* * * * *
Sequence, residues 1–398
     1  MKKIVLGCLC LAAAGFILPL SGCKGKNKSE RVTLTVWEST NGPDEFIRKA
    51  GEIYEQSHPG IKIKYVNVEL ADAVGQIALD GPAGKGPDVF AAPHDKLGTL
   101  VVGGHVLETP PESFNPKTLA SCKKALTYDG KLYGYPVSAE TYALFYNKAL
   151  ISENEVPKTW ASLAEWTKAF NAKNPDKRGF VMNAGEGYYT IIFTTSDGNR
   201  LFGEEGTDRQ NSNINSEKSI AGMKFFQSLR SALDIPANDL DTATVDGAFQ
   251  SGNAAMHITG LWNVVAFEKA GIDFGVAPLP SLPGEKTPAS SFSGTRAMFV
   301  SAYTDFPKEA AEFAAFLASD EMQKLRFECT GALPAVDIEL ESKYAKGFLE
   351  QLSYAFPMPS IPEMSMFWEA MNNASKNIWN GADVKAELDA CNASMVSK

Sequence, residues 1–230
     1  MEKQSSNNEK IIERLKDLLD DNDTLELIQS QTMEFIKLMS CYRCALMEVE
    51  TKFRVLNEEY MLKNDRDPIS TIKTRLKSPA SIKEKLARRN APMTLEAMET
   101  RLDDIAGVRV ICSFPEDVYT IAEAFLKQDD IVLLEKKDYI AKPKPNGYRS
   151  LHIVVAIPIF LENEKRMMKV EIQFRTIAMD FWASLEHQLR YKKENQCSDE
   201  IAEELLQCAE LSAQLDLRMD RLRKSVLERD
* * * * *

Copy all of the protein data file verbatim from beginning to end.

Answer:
Sequence, residues 1–398
     1  MKKIVLGCLC LAAAGFILPL SGCKGKNKSE RVTLTVWEST NGPDEFIRKA
    51  GEIYEQSHPG IKIKYVNVEL ADAVGQIALD GPAGKGPDVF AAPHDKLGTL
   101  VVGGHVLETP PESFNPKTLA SCKKALTYDG KLYGYPVSAE TYALFYNKAL
   151  ISENEVPKTW ASLAEWTKAF NAKNPDKRGF VMNAGEGYYT IIFTTSDGNR
   201  LFGEEGTDRQ NSNINSEKSI AGMKFFQSLR SALDIPANDL DTATVDGAFQ
   251  SGNAAMHITG LWNVVAFEKA GIDFGVAPLP SLPGEKTPAS SFSGTRAMFV
   301  SAYTDFPKEA AEFAAFLASD EMQKLRFECT GALPAVDIEL ESKYAKGFLE
   351  QLSYAFPMPS IPEMSMFWEA MNNASKNIWN GADVKAELDA CNASMVSK

Sequence, residues 1–230
     1  MEKQSSNNEK IIERLKDLLD DNDTLELIQS QTMEFIKLMS CYRCALMEVE
    51  TKFRVLNEEY MLKNDRDPIS TIKTRLKSPA SIKEKLARRN APMTLEAMET
   101  RLDDIAGVRV ICSFPEDVYT IAEAFLKQDD IVLLEKKDYI AKPKPNGYRS
   151  LHIVVAIPIF LENEKRMMKV EIQFRTIAMD FWASLEHQLR YKKENQCSDE
   201  IAEELLQCAE LSAQLDLRMD RLRKSVLERD